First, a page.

For the past two decades, fair value accounting—the practice of measuring assets and liabilities at estimates of their current value—has been on the ascent. This marks a major departure from the centuries-old tradition of keeping books at historical cost. It also has implications across the world of business, because the accounting basis—whether fair value or historical cost—affects investment choices and management decisions, with consequences for aggregate economic activity.
The argument for fair value accounting is that it makes accounting information more relevant. However, historical cost accounting is considered more conservative and reliable. Fair value accounting was blamed for some dubious practices in the period leading up to the Wall Street crash of 1929, and was virtually banned by the U.S. Securities and Exchange Commission from the 1930s through the 1970s. The 2008 financial crisis brought it under fire again. Some scholars and practitioners have connected its proliferation in accounting-based performance metrics to the actions of bankers and other managers during the run-up to the crisis. Specifically, as asset prices rose through 2008, the fair value gains on certain securitized assets held by financial institutions were recognized as net income, and thus sometimes used to calculate executive bonuses. And after asset prices began falling, many financial executives blamed fair value markdowns for accelerating the decline.
One explanation for the rise of fair value accounting is that finance theory—in particular, the idea that financial markets are efficient and their prevailing prices are reliable measures of value—permeated academic accounting research in the 1980s and 1990s, thus changing opinions on the relative merits of historical cost and fair value.
A study that the Harvard Business School doctoral student Abigail Allen and I published in the May 2012 issue of the Journal of Accounting and Economics, “Towards an Understanding of the Role of Standard Setters in Standard Setting,” points to another explanation. The study covers all the members of the Financial Accounting Standards Board, which sets standards for GAAP, from its inception, in 1973, through 2006. We investigated their backgrounds and the nature of the standards they proposed. To control for both hindsight and potential researcher bias, we relied on the contemporaneous assessments of the largest audit firms as expressed in 908 separate comment letters filed at the FASB archives in Norwalk, Connecticut. Specifically, we examined how the auditors evaluated the proposed standards on the dimensions of accounting “relevance” and “reliability.” The FASB recognizes a trade-off between those two goals and has justified the increased use of fair value accounting by arguing that it increases accounting’s relevance. Several academics, myself included, have argued that it decreases financial reporting’s reliability.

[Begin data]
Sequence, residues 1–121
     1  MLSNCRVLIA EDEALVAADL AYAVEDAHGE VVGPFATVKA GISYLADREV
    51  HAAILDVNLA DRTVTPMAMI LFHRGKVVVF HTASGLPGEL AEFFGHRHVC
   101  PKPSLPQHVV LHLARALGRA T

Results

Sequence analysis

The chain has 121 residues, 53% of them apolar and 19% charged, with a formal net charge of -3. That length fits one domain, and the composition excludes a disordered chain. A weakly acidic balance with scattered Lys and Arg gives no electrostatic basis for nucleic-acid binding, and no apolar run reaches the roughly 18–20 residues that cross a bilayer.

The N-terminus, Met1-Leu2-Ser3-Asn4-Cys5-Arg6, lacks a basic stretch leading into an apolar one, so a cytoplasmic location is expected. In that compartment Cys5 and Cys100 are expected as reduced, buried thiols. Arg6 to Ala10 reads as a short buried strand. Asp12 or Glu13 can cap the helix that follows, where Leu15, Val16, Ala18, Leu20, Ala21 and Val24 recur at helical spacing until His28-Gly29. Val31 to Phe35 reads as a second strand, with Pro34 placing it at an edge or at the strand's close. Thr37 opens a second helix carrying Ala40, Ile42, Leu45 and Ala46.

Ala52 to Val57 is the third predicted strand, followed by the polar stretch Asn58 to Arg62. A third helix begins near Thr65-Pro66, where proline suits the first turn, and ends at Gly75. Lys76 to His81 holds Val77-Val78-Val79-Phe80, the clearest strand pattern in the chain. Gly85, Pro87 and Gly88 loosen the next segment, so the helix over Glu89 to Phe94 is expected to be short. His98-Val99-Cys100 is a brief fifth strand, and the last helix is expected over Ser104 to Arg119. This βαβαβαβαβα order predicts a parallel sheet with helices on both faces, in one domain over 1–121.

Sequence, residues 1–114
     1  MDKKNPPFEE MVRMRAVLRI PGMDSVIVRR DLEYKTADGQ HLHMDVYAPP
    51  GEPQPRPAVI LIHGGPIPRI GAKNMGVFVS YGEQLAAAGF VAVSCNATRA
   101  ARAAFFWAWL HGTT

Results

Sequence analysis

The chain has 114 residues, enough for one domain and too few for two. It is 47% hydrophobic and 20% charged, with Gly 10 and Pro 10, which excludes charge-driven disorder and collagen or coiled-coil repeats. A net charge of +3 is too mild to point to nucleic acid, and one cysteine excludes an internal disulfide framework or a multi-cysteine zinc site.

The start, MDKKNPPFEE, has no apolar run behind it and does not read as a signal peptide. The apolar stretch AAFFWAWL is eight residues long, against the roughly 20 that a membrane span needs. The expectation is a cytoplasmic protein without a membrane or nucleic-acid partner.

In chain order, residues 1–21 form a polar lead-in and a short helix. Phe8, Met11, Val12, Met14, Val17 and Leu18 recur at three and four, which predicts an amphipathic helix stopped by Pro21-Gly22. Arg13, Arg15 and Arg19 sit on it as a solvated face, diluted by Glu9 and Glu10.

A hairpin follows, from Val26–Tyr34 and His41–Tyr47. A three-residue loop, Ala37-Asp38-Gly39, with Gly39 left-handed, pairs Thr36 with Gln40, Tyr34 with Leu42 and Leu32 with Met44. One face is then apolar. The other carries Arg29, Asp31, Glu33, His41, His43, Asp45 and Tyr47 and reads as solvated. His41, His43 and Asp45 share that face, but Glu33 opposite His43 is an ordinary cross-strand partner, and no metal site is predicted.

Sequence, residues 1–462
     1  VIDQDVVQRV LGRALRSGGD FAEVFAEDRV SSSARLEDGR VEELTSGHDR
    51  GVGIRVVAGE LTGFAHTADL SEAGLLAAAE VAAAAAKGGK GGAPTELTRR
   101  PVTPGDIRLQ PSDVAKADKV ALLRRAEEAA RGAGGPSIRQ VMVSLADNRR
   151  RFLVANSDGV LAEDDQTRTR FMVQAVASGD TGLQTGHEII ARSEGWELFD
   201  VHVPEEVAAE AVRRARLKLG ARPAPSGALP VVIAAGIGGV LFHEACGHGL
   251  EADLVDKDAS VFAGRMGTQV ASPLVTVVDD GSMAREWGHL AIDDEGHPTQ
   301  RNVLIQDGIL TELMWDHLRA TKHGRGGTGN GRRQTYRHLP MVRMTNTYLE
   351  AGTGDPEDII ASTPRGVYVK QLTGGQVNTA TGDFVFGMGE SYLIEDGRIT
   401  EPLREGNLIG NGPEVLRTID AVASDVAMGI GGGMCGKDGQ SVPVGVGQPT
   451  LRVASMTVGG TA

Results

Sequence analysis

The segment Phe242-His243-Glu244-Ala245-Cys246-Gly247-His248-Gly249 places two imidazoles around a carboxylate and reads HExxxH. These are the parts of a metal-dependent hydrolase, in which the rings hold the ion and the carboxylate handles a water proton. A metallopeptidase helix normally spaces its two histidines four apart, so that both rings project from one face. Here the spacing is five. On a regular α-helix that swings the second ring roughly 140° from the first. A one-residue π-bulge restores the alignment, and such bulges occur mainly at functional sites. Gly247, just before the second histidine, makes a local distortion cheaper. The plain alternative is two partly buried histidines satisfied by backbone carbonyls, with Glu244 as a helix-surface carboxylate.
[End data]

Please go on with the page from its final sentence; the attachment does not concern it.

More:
We found that the backgrounds of the individual standard setters on the FASB predict which standards they have proposed. Notably, those with a background in the financial services industry—defined for our purposes as investment banking or investment management—are more likely to propose the use of fair value methods. Before 1993 the FASB included no financial services veterans; now such members make up more than a quarter of the board (see the exhibit “The Shift to Fair Value”). The link between fair value proposals and a background in financial services is robust to numerous substantive controls, including other background factors such as members’ tenure on the board, their political affiliation, the backgrounds of contemporaneous members of the SEC, broader market and macroeconomic conditions, and biases, if any, among the large audit firms.
This empirical link can be augmented with anecdotal evidence. For example, the Investment Company Institute, a U.S. industry association of asset management firms, strongly supported the use of fair value accounting when lobbying the SEC in 2008 on FASB Statement 157, which helps define fair value. And in 2000 and 2001 the then three largest investment banks—Goldman Sachs, Morgan Stanley, and Merrill Lynch—were all enthusiastic supporters of fair value rules for mergers and acquisitions during FASB deliberations on the subject.